Ideas are born usually when I’m doing something especially during laundry, walks, or intransits. For jotting down ideas or germs, the most accessible is the phone, then the notebook. I keep a traditional diary: records on my readings, musings, and things that I don’t want Facebook to know, unless I am ready to make a lot of enemies. I don’t know, but I write poems in cursive. Perhaps because my poems are rather short. There is a certain cadence in writing longhand that computers can’t capture. When it is an essay or short story, I usually play around with the ideas in my head and play with them some more in the computer. Of course, the cutting, pasting, arranging of ideas become easier with Ctrl X+V. I once read an amusing interview on Lorrie Moore. During her younger years, she literally cut paragraphs with scissors and kept on arranging them until she found the perfect fit.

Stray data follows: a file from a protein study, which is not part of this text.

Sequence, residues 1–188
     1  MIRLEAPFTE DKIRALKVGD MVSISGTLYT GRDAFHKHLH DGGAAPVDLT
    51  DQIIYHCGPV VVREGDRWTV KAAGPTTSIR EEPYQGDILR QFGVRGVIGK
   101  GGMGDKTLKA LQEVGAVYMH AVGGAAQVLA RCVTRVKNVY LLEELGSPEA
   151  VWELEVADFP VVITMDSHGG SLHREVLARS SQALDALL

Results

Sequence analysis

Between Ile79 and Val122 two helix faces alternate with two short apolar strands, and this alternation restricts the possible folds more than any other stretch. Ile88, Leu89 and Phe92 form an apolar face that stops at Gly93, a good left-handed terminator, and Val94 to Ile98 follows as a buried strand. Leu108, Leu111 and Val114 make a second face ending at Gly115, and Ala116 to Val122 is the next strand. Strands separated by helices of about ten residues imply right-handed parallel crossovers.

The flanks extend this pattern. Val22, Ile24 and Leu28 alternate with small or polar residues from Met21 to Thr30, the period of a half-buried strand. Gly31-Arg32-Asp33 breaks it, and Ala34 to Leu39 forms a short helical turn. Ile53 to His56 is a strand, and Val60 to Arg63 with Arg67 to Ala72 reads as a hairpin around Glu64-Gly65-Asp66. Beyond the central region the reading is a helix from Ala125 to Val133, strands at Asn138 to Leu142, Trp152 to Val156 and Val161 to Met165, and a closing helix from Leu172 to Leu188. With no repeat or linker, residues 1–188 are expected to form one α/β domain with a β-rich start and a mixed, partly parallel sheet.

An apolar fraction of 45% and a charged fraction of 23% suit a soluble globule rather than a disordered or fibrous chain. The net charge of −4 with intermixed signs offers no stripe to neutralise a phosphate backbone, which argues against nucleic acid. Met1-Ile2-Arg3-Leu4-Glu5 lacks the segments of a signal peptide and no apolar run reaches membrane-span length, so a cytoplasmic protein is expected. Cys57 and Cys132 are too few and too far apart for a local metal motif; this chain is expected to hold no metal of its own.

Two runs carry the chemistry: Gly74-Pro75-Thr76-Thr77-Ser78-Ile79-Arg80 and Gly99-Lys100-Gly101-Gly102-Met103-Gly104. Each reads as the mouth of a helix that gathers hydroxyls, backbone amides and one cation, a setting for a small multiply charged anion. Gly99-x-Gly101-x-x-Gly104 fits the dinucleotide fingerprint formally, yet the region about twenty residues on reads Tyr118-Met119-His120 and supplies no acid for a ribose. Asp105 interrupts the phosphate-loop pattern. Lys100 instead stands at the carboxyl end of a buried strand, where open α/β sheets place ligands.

May we know your influences as a writer? Any particular icon you really look up to or admire? Local? International?
My writing influences keep on evolving. This year, it has been Rebecca Solnitt, Andre Aciman, Changrae Lee, Jamaica Kincaid, Orhan Pamuk. Ironically, most of this year’s reads and influences are nonfiction except for the painful, erudite, eloquent Changrae Lee’s “The Surrendered.” I admire a lot of homegrown and foreign writers.
Sure it means a lot but if you may be specific, what does winning at the Palanca Awards mean to you? What’s in it for you?
If you’re young and writing, nobody takes you seriously. Sadly, in our country, you will not be taken as a “serious” writer unless you win a major award. I find it rather contrived. If it takes an award to be taken seriously, so be it. I know Nyor Butch Bandillo will probably smack me for saying this.